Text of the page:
So, if you apply the guidlines above, you will have limited amounts of overlap in the bleed between the mics. The primary mics that will still require a consideration of time-alignment are the following microphones:

  • Snare Top
  • Snare Bottom (if used)
  • Overheads
  • Hi-Hats

The reason that these microphones are the most important is that the overheads are pointed down at the instruments that the spot mics are listening to. Since both the snare and hi-hats have significant high-frequency energy, the comb-filter that will result from mixing the delayed signal is really significant.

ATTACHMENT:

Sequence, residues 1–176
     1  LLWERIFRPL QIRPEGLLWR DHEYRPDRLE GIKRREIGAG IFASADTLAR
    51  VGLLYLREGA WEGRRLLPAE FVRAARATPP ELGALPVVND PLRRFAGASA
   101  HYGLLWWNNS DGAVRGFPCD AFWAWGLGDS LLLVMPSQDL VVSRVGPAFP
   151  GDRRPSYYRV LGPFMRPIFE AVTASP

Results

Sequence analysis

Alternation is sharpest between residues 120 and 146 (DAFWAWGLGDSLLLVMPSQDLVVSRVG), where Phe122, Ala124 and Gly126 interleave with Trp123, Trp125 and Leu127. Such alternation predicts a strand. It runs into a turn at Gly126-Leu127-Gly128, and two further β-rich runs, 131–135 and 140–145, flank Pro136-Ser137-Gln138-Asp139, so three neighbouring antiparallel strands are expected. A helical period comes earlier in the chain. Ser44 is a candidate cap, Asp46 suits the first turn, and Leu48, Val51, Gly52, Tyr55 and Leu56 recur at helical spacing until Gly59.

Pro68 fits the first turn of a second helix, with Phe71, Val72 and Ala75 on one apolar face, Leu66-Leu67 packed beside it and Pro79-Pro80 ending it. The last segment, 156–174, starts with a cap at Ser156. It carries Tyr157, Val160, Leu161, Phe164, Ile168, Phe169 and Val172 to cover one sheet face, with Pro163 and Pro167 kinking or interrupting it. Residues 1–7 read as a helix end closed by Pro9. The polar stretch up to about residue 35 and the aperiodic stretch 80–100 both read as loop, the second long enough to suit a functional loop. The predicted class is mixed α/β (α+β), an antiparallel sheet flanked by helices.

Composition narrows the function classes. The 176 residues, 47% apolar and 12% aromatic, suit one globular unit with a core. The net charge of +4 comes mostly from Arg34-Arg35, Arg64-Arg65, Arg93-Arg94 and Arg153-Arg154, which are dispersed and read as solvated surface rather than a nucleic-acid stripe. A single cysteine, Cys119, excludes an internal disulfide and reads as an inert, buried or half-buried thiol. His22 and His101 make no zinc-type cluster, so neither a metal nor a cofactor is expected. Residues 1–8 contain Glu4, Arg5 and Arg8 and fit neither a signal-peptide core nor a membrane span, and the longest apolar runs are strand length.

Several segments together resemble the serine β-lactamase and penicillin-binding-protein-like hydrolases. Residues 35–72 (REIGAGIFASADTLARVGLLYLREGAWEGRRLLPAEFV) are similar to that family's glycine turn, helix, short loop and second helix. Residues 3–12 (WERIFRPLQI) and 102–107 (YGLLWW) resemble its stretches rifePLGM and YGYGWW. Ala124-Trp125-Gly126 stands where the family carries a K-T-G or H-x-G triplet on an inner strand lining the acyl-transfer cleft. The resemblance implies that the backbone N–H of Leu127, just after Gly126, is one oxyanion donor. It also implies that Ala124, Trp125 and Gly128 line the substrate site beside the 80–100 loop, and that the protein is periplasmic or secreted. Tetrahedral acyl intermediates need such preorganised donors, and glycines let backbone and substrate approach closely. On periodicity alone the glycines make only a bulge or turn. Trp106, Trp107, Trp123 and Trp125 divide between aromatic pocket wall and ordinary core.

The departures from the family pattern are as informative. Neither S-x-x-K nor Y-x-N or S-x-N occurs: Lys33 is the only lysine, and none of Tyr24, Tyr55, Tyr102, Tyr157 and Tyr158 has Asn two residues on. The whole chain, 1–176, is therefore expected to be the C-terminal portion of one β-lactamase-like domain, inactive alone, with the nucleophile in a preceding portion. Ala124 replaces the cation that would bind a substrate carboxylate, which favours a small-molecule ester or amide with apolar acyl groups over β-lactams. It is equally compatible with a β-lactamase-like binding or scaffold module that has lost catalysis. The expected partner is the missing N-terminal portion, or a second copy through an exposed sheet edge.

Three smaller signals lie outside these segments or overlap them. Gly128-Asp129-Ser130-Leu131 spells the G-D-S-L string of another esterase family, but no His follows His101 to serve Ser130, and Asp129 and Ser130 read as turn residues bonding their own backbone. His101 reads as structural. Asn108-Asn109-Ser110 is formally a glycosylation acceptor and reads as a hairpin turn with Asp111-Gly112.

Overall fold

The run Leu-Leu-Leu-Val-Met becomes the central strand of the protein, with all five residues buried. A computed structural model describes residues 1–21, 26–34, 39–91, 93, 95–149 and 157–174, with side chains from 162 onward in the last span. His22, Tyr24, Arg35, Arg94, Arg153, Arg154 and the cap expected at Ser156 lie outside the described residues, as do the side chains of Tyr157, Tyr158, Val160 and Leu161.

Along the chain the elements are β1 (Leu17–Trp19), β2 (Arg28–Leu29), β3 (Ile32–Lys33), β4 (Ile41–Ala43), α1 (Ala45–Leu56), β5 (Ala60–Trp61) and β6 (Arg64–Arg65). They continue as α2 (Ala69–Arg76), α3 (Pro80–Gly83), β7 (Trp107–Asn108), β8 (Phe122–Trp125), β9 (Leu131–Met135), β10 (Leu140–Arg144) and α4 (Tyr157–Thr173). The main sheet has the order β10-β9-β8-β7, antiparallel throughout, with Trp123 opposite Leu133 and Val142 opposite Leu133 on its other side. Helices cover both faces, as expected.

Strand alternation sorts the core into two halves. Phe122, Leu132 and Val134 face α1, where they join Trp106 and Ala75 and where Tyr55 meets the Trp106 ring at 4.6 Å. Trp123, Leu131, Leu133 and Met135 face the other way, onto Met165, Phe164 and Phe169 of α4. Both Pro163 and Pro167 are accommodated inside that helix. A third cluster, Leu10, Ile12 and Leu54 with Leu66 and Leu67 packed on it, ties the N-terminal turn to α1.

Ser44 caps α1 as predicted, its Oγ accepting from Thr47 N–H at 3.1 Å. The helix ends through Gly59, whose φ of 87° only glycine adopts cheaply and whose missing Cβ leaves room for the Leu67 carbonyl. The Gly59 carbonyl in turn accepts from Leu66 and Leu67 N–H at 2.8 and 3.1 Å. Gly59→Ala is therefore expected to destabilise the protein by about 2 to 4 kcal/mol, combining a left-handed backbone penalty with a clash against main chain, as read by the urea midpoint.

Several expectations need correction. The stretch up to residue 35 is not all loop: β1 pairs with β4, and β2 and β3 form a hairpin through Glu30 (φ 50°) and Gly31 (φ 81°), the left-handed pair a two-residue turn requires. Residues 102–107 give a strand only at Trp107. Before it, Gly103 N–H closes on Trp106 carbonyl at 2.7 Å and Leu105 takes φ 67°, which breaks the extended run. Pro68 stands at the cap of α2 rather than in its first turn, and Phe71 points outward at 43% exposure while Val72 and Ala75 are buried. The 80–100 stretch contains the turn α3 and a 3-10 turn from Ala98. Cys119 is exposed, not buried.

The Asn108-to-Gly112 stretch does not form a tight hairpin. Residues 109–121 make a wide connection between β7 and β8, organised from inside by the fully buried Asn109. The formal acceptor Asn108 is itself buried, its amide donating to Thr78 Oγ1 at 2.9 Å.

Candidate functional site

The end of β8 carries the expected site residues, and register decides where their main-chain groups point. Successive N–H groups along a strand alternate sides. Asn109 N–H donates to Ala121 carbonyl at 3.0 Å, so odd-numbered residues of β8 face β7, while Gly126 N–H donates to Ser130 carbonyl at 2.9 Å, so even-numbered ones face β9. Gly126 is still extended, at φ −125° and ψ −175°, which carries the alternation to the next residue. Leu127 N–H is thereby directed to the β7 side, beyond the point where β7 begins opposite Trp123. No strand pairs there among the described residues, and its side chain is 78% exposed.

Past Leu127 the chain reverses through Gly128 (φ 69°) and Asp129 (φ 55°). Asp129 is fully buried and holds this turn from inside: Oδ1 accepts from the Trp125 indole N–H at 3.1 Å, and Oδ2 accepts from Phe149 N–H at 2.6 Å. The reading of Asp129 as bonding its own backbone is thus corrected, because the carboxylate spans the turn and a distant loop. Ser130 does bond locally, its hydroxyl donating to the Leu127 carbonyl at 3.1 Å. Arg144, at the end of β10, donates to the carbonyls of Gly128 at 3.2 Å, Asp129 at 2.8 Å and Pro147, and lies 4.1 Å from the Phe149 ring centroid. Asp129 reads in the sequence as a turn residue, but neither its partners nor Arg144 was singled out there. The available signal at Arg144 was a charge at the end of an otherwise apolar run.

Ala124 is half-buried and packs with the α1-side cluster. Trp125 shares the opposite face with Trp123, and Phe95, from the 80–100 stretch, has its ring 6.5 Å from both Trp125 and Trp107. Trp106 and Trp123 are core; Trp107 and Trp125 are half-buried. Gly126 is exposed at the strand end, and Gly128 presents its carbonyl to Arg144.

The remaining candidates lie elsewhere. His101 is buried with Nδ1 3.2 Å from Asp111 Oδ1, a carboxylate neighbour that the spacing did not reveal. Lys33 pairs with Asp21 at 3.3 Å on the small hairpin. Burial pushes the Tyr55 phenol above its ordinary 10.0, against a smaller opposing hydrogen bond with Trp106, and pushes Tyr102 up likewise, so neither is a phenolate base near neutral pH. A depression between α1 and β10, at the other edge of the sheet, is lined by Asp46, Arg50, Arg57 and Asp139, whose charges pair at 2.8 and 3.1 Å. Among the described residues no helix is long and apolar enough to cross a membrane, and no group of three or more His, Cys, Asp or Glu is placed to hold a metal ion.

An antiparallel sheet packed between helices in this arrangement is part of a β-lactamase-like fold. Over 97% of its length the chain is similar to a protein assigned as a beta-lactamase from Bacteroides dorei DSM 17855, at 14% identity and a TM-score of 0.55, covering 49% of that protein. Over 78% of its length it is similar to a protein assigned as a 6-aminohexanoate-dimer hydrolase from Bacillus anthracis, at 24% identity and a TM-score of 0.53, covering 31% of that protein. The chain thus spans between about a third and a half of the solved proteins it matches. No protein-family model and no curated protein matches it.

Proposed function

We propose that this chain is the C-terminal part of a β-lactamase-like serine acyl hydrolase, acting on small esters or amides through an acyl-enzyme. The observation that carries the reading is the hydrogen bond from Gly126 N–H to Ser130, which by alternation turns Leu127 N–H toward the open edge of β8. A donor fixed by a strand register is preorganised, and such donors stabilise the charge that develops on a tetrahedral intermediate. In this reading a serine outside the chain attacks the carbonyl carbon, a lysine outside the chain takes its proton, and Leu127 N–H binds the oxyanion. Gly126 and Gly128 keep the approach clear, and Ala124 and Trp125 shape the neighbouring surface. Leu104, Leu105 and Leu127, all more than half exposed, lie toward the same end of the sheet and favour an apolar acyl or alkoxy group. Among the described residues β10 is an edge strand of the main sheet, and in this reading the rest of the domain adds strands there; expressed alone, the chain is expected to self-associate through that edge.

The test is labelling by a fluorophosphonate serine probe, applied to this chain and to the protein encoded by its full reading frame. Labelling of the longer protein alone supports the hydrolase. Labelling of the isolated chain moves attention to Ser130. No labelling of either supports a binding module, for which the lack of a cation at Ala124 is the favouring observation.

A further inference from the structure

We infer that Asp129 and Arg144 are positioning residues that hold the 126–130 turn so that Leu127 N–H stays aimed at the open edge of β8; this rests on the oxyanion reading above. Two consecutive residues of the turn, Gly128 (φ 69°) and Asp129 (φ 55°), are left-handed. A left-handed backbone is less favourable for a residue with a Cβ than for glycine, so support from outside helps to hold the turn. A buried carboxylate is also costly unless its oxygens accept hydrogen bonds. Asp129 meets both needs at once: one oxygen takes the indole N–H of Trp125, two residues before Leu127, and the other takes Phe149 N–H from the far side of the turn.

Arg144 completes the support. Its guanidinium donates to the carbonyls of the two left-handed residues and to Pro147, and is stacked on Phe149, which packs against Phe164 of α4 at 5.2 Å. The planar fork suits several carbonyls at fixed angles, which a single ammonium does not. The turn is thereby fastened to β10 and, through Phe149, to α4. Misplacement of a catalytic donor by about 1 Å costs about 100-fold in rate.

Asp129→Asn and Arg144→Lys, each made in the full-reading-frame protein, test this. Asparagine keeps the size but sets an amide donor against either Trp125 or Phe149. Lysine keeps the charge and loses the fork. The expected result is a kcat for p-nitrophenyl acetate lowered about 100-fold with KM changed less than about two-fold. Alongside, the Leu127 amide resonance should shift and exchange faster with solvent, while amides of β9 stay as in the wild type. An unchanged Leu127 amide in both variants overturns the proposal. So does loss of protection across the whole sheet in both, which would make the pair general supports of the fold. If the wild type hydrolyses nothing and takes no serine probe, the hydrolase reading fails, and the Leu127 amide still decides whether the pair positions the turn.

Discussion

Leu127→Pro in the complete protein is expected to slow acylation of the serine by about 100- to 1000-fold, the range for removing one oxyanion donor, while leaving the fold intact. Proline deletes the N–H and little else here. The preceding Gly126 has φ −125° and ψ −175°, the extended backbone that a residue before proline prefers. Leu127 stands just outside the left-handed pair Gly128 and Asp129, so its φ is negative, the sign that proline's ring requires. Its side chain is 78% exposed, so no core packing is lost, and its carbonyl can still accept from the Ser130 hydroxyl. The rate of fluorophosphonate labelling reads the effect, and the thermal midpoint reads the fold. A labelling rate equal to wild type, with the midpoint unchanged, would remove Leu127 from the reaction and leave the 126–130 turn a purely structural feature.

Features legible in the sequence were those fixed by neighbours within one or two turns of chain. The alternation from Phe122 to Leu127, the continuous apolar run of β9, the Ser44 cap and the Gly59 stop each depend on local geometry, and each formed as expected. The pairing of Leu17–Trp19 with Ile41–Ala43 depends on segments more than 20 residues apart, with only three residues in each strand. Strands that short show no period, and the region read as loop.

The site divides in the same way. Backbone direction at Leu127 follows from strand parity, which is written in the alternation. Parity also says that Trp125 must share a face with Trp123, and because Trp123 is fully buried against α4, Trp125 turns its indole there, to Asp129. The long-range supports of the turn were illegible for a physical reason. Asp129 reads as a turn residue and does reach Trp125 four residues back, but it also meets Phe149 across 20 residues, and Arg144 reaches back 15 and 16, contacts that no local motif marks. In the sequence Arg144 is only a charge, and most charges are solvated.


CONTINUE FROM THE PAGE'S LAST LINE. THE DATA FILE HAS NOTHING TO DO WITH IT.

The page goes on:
So, to time align the kit, you want to figure out the following delays:

  • Snare Top → Overheads
  • Snare Bottom (if used) → Overheads
  • Hi-Hats → Overheads

and then delay the Snare Top, Snare Bottom, and Hi-Hats by the appropriate amounts so that all the sound is aligned with the signal that is in the overheads.

The following two drum mix samples were mixed without the Kick Drum for clarity sake so that you may better hear the subtle but apparent differences in the the mix. All pans and gains were identical. Only the snare and two over head mics were adjusted for zero time delay between the three sources.

Drum mix with no time alignment

Drum mix with time alignment

Give it a shot, you'll be shocked and happy with the results!